Many companies do not have a policy for dealing with stress. Many managers cannot recognise it in themselves and cannot manage it in others. So we need to develop training there, and we need to have a culture at work where you can admit to stress, have it dealt with seriously and work with working practices that promote mental wellbeing.


  Jiří Maštálka (GUE/NGL).(CS) We all naturally agree that mental health is a prerequisite for intellectual and emotional fulfilment and for integrating people into society. In recent years, however, mental health has not received sufficient attention compared to other areas. The Commission’s Green Paper, and in particular the outstanding report by Mr Bowis, plug that gap, putting forwards a great many proposals, not only for the Commission, but also for doctors and the general public.

The report before us identifies the main problems in the area of mental health which form part of the broader context, offering food for thought on such hotly debated issues as the stigmatisation of the mentally ill, methods of treating patients and the gender differences which are so prevalent in mental health.

First, I should like to highlight the call from Mr Bowis and the Commission’s Green Paper for prevention as the most effective way of combating the growing incidence of mental illness. This ought to be one of the priorities in our proactive approach. It is precisely the influence of environment, employment and the family that should form the focus of our attention and our action plans, as these are the areas affecting mental health where prevention can work.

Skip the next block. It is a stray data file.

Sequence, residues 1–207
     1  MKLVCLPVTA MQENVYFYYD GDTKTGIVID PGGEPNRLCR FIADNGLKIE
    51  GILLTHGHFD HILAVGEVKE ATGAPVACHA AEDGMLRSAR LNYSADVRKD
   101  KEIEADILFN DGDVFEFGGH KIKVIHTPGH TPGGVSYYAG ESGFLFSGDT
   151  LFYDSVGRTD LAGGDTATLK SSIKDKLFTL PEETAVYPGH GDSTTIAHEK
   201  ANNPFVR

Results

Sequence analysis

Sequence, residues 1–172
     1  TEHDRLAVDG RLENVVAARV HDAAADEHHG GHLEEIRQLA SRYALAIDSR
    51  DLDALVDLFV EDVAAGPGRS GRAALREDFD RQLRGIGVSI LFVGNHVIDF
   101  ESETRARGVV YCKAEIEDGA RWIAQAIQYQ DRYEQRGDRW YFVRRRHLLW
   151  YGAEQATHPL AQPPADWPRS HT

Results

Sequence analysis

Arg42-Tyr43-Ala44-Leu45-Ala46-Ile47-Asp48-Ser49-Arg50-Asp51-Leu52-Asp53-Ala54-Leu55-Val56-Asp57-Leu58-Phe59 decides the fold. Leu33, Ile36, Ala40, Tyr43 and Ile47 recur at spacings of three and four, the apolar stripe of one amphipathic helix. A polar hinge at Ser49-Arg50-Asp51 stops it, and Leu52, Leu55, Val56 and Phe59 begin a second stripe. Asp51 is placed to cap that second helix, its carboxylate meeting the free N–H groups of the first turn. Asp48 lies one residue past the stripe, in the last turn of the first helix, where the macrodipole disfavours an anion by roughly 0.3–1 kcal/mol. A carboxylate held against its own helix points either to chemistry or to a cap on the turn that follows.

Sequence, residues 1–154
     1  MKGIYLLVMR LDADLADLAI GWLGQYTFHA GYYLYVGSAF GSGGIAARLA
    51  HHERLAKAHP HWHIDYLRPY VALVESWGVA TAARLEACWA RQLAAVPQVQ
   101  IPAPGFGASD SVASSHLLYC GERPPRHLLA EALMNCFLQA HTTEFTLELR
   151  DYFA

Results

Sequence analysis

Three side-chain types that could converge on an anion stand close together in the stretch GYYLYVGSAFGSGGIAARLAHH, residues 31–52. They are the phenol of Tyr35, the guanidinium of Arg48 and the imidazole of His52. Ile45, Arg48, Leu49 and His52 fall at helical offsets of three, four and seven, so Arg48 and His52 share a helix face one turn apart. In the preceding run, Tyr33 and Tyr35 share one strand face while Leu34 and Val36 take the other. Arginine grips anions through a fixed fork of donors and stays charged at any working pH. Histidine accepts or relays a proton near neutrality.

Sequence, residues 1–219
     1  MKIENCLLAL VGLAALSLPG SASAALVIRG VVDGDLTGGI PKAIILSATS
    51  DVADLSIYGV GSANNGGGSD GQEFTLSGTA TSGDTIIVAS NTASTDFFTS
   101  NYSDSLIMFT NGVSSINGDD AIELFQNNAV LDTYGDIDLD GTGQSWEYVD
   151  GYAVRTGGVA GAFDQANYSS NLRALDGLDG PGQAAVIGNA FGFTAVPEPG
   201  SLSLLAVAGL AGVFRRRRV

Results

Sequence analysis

I also very much welcome the important reference to gender difference in the area of mental health, which was not sufficiently addressed in the Commission's Green Paper. Women are more likely to seek healthcare, and to take more pharmaceutical products, which they are less able to tolerate. They are also often subject to undesirable pressure from their peers, which may lead to mental breakdown.

One area that certainly deserves attention in the future, not only from doctors and politicians, but also from the general public, is the stigmatisation of the mentally ill. The emphasis attached to this issue in the report is an indication of the seriousness of the situation. I welcome all of the comments and proposals made by the rapporteur. Although I consider the proposals for best practice to be very positive, and believe that they will lead to higher standards – speaking as a doctor I very much support these proposals – it is unfortunately the fact that in my country the programmes in question are extremely expensive and thus far sadly not priority areas. The possibility of joint EU programmes in this area could help resolve this dilemma.


  Jan Tadeusz Masiel (NI). – (PL) Mr President, I would like to congratulate Mr Bowis on an excellent report which helps us to realise how important mental health is not only in the life of an individual but also for society.